30 years ago today, in a New Hampshire campaign appearance, Democratic Presidential candidate Michael Dukakis declared, “We need someone in the White House who understands that America should be the leader on international environmental questions.” Had Dukakis—who denounced Republican opponent George H. W. Bush as “a charter member of the environmental wrecking crew that went to Washington in the early ’80s and did a job on the EPA”—won the 1988 Presidential contest, perhaps we would have been a bit further along in combating the international crisis of human-caused climate change. Of course, 30 years ago no one could have imagined that someone as malevolent towards Mother Nature as Donald Trump would become President—and appoint an EPA head who believes CO2 is good for you:

As head of the Environmental Protection Agency, Scott Pruitt has repeatedly questioned the scientific consensus that rising levels of carbon dioxide from human-fueled activity are warming the planet.

He’s now taking a different tack: Even if climate change is occurring, as the vast majority of scientists say it is, a warmer atmosphere might not be so awful for humans, according to Pruitt.

“We know humans have most flourished during times of what, warming trends,” Pruitt said Tuesday during an interview on KSNV, an NBC affiliate in Las Vegas. “So I think there’s assumptions made that because the climate is warming, that that necessarily is a bad thing. Do we really know what the ideal surface temperature should be in the year 2100, in the year 2018? That’s fairly arrogant for us to think that we know exactly what it should be in 2100.”

Pruitt continued: “There are very important questions around the climate issue that folks really don’t get to. And that’s one of the reasons why I’ve talked about having an honest, open, transparent debate about what do we know, what don’t we know, so the American people can be informed and they can make decisions on their own with respect to these issues.”

When you hear this filth, you begin to understand why climate hawks were upset when Rep. Joseph Kennedy III (D-MA) failed to specifically mention the climate crisis on his list of Trump administration offenses. Democrats should be weaponizing the actions of Pruitt and his fellow fossil-fuel fiend, Interior Secretary Ryan Zinke; the actions of Pruitt and Zinke constitute imminent threats to the health and safety of human beings in this country and elsewhere.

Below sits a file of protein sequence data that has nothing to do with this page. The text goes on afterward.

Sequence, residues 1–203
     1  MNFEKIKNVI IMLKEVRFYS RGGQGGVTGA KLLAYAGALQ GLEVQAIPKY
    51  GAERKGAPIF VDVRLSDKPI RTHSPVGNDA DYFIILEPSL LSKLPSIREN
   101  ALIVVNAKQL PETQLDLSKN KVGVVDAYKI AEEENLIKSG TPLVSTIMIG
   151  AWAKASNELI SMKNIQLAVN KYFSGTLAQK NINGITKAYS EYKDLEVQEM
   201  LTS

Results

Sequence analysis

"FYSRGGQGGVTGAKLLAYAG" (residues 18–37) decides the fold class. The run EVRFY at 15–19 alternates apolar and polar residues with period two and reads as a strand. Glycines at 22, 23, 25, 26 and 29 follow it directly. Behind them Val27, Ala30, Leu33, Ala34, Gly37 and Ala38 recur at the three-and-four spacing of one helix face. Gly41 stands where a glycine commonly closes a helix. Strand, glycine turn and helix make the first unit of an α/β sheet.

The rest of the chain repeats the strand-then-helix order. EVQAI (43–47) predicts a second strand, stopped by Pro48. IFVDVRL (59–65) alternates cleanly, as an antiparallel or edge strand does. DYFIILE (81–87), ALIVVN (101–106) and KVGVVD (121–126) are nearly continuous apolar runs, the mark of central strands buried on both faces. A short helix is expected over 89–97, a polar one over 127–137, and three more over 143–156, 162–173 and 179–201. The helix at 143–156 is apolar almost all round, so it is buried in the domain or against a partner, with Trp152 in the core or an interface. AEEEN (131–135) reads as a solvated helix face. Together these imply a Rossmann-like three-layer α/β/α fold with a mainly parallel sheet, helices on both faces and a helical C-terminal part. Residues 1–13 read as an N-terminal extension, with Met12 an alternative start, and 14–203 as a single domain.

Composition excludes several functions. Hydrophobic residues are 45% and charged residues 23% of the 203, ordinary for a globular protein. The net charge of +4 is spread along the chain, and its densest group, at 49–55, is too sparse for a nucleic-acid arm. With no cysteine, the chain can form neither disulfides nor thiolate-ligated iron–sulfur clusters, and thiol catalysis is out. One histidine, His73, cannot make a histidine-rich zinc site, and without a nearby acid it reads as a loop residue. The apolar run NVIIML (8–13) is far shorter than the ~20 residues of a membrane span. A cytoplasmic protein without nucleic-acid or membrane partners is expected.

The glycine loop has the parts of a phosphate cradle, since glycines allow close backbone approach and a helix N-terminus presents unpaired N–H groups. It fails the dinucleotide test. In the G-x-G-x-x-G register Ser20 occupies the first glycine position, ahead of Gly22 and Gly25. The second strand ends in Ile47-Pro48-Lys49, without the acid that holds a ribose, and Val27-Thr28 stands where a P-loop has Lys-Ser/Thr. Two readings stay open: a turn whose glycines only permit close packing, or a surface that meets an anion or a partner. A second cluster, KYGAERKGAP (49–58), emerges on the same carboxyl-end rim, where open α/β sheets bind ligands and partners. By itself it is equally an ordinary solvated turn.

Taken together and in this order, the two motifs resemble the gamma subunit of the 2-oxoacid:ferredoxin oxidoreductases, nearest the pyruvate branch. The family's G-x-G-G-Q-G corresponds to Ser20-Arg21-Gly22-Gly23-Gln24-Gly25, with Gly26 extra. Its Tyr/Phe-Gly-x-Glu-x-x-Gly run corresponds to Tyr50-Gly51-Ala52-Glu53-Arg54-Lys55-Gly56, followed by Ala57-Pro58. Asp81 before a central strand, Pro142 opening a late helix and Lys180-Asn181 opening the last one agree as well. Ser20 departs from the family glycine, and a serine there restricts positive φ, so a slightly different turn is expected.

35 years ago, President Reagan washed his hands of EPA head Anne Gorsuch—the mother of you-know-who—and Interior Secretary James Watt. Gorsuch’s corruption simply became too much of a political headache for Reagan; as for Watt, Peter Dykstra notes that his tenure ended after one Trumpian remark too many:

One of [Watt’s] ugliest quips came in 1981, foreshadowing the Bundy takeovers years later: “If the troubles from environmentalists cannot be solved in the jury box or at the ballot box, perhaps the cartridge box should be used.”

Watt suggested that the Interior Department’s logo, featuring a bison facing to the left, should be flipped so the bison faced right. A herald of the partisan environmental divide we now face, Watt said where most saw Washington divided into Democrats and Republicans, he saw “Liberals and Americans.”

Finally, a particularly unfunny joke told during a speech to the U.S Chamber of Commerce did him in. Bragging about the diversity among a coal leasing panel, Watt quipped, “We have every mixture you can have. I have a black, a woman, two Jews and a cripple. And we have talent.”

President Reagan received his resignation soon after.

Could Trump be pressured to get rid of Pruitt and Zinke? After the stunning withdrawal of Kathleen Hartnett White’s nomination as head of the Council of Environmental Quality, anything’s possible. However, even if they are forced to leave, the damage that they have done to the EPA and Department of the Interior will remain. To rework the famous Shakespeare line, the evil these two men did will certainly live on after them.

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D. R. Tucker is a Massachusetts-based journalist who has served as the weekend contributor for the Washington Monthly since May 2014. He has also written for the Huffington Post, the Washington Spectator, the Metrowest Daily News, investigative journalist Brad Friedman's Brad Blog and environmental journalist Peter Sinclair's Climate Crocks.